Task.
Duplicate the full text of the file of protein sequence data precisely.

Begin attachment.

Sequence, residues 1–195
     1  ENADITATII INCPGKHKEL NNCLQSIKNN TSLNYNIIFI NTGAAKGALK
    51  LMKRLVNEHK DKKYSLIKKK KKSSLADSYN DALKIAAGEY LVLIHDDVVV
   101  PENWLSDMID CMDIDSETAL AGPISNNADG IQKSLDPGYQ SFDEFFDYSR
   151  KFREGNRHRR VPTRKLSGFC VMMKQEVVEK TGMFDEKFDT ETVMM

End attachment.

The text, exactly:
Sequence, residues 1–195
     1  ENADITATII INCPGKHKEL NNCLQSIKNN TSLNYNIIFI NTGAAKGALK
    51  LMKRLVNEHK DKKYSLIKKK KKSSLADSYN DALKIAAGEY LVLIHDDVVV
   101  PENWLSDMID CMDIDSETAL AGPISNNADG IQKSLDPGYQ SFDEFFDYSR
   151  KFREGNRHRR VPTRKLSGFC VMMKQEVVEK TGMFDEKFDT ETVMM